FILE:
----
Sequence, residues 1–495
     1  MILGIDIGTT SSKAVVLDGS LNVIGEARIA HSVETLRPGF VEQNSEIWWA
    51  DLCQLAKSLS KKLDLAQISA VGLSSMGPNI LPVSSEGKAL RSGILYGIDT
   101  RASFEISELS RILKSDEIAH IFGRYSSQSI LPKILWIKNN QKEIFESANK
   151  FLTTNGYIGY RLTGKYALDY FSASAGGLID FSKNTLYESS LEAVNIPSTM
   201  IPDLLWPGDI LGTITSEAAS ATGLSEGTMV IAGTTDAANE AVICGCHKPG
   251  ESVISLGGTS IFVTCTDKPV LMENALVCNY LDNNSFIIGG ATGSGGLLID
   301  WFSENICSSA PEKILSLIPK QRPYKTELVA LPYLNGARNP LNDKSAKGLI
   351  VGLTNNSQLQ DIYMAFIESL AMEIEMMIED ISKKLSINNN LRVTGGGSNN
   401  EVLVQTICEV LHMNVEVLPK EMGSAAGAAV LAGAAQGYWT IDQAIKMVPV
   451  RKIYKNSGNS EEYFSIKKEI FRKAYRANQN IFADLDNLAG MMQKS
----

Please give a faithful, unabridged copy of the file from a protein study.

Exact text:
Sequence, residues 1–495
     1  MILGIDIGTT SSKAVVLDGS LNVIGEARIA HSVETLRPGF VEQNSEIWWA
    51  DLCQLAKSLS KKLDLAQISA VGLSSMGPNI LPVSSEGKAL RSGILYGIDT
   101  RASFEISELS RILKSDEIAH IFGRYSSQSI LPKILWIKNN QKEIFESANK
   151  FLTTNGYIGY RLTGKYALDY FSASAGGLID FSKNTLYESS LEAVNIPSTM
   201  IPDLLWPGDI LGTITSEAAS ATGLSEGTMV IAGTTDAANE AVICGCHKPG
   251  ESVISLGGTS IFVTCTDKPV LMENALVCNY LDNNSFIIGG ATGSGGLLID
   301  WFSENICSSA PEKILSLIPK QRPYKTELVA LPYLNGARNP LNDKSAKGLI
   351  VGLTNNSQLQ DIYMAFIESL AMEIEMMIED ISKKLSINNN LRVTGGGSNN
   401  EVLVQTICEV LHMNVEVLPK EMGSAAGAAV LAGAAQGYWT IDQAIKMVPV
   451  RKIYKNSGNS EEYFSIKKEI FRKAYRANQN IFADLDNLAG MMQKS